I asked if he was scared of anything, after the idea of sleeping in a snow hole made me cold by proxy and ask him for gloves. “Not really.” Was the short answer. Jason told me about how he has worked hard to ensure all the kit is the best (even avoiding the company name to branded on the gear to avoid being ostentatious), and that his staff are well paid and happy. He is also keen to stress that the experiences Distant Horizons provide are  “for anyone, complete beginners to experts.” His passion is similar to ours ensuring the outdoors is open to anyone.

“My least favourite thing to hear is ‘I can’t do that’ or ‘lucky you, getting to do that’ or ‘I wish I could do that..’ you have the ability, you just need the inspiration. That’s why I like working with groups and doing team building out here, you can give someone a small mind shift and show them they are capable. We get people who have never jumped into open water doing lakeside cliff jumps really enjoying it.”

I saw the cliff, which wasn’t too daunting, but did look a bit cold. Luckily, before I was goaded to leap, it was time for a picnic. We moored up and Jason cooked lunch of soup and tea, as well as an array of fruit, crisps, cakes, chocolates, drinks and sandwiches. Jason told me that for larger groups, BBQ’s can be brought, but for our needs, it was out with the Trangia for the real experience.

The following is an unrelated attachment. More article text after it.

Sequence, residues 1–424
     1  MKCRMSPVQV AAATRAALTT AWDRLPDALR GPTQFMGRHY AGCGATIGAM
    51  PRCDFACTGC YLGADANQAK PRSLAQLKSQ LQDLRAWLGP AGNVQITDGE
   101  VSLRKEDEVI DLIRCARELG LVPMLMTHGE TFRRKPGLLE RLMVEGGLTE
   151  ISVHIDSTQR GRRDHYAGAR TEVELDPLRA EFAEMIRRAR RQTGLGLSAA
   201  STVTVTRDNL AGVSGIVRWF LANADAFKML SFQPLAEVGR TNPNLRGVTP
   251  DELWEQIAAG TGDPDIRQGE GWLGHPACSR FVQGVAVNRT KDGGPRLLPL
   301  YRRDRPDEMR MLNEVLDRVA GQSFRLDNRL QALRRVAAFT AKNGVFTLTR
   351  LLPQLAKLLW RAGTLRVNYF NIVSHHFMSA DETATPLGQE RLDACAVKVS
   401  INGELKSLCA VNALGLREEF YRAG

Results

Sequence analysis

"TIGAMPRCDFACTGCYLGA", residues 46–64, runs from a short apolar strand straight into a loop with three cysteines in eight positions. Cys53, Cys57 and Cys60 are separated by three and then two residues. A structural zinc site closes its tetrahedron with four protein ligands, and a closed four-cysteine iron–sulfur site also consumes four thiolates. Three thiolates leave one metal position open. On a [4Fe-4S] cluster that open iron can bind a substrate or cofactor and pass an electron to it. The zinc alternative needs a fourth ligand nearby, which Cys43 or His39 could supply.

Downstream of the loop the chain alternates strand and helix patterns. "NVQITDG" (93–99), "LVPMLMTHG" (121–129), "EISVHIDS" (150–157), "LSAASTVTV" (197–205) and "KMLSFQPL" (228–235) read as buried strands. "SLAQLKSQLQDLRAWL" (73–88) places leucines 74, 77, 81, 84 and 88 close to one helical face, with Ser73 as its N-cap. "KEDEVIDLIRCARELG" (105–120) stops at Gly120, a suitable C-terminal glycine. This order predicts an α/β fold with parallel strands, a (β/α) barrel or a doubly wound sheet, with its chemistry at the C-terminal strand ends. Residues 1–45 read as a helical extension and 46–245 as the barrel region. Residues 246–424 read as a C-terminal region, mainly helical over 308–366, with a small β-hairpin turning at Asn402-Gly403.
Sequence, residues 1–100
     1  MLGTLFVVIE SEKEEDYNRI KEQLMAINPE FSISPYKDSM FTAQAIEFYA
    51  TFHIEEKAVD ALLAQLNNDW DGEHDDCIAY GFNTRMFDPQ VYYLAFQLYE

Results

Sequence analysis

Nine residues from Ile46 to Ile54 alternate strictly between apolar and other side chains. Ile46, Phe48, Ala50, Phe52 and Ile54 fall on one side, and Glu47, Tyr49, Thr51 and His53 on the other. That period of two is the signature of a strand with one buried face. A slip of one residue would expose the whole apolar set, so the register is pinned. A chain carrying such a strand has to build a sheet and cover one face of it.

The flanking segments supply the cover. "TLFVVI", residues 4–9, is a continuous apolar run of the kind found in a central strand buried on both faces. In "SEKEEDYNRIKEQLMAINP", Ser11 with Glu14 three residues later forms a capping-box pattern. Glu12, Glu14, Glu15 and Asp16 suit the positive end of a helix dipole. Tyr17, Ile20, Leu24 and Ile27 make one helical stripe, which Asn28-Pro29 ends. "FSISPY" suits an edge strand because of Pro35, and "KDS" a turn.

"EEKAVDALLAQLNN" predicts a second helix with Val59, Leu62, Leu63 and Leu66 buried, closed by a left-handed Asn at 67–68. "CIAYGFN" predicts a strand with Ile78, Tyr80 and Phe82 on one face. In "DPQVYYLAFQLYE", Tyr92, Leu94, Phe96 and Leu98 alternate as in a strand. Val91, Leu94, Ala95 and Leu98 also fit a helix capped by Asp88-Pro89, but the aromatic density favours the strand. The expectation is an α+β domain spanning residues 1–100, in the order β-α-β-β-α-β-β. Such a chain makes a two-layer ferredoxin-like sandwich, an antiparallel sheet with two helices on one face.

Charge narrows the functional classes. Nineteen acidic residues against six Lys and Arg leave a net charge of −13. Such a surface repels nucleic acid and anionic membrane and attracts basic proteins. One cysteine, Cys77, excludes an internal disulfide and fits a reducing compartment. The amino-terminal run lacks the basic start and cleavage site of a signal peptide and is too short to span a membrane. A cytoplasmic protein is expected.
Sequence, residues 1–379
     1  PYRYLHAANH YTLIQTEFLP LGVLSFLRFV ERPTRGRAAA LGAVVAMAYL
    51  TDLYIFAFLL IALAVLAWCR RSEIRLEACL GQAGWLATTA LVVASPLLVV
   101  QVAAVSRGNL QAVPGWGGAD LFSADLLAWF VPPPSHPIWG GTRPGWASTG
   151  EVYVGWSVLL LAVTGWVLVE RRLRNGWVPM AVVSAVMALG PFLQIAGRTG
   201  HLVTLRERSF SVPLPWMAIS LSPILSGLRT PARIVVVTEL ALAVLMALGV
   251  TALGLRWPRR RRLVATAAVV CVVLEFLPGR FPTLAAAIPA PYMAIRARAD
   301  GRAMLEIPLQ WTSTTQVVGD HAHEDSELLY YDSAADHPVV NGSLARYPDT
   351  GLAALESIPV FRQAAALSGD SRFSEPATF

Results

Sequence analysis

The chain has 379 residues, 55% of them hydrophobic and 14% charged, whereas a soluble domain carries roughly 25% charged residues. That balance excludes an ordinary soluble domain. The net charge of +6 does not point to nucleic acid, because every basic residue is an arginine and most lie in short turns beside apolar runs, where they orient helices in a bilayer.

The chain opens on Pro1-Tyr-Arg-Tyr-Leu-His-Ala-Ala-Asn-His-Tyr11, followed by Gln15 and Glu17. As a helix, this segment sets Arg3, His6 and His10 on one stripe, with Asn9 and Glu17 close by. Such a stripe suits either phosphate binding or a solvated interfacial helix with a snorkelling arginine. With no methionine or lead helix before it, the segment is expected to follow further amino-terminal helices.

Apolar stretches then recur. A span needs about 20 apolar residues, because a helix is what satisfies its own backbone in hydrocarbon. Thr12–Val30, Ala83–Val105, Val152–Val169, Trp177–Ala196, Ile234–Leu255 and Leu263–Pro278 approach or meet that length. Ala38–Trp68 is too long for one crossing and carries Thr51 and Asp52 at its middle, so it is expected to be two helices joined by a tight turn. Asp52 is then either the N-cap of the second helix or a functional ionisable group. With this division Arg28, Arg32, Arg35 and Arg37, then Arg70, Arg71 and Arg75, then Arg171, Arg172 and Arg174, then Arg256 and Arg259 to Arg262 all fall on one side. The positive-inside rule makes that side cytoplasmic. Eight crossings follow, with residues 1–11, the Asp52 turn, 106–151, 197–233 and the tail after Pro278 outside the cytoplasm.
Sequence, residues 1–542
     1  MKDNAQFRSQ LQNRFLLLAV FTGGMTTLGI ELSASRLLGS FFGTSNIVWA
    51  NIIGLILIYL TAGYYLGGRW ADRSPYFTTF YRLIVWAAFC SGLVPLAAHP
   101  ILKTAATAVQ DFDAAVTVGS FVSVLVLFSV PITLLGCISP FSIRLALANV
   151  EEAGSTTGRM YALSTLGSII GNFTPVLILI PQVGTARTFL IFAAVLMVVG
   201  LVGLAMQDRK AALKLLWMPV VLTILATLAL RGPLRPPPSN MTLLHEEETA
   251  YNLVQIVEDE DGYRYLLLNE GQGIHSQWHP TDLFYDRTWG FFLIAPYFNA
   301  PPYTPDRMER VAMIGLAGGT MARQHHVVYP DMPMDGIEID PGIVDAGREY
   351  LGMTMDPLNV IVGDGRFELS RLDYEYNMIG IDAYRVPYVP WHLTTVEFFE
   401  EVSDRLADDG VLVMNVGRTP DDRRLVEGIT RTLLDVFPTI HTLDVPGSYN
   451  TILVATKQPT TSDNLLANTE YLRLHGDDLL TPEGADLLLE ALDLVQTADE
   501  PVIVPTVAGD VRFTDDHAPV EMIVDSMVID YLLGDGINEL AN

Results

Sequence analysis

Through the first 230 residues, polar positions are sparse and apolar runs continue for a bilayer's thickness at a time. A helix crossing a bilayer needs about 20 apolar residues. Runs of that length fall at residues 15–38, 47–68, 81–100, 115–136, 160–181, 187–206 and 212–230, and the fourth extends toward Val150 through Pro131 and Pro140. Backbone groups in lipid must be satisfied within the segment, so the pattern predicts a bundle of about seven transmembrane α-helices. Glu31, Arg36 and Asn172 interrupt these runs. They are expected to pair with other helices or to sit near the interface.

A leisurely lunch!

As I wolfed down a millionaire shortbread and watched ramblers walk by and saw one of the oldest steam boats in the world trawl past us on the sun dappled lake I asked Jason what his plans for the future are.

Enthused about so many elements, it’s clear that Jason is a big people person. He told me about a group of circus skills trainers he had stay last year who he intends to get back to help teach groups. He is also running an adventure challenge, a race that combines orienteering, kayaking or even biking for groups. He plans to offer stop over tours for the Summer and Easter holiday where groups who have never even slept outdoors can spend a day kayaking, can moor up in a bivvi camp and can catch and cook fresh fish, before sleeping in the wilderness and heading home across the lake the next day.

Distant Horizons are also part of other events like the 3 lakes, a day of paddling Coniston water, Ullswater and Windermere, or training people before events, as well as taking people on trips to Nepal. They are also involved in offering activities for the Ullswater festival, and lake clean ups so Ullswater stays clean for locals.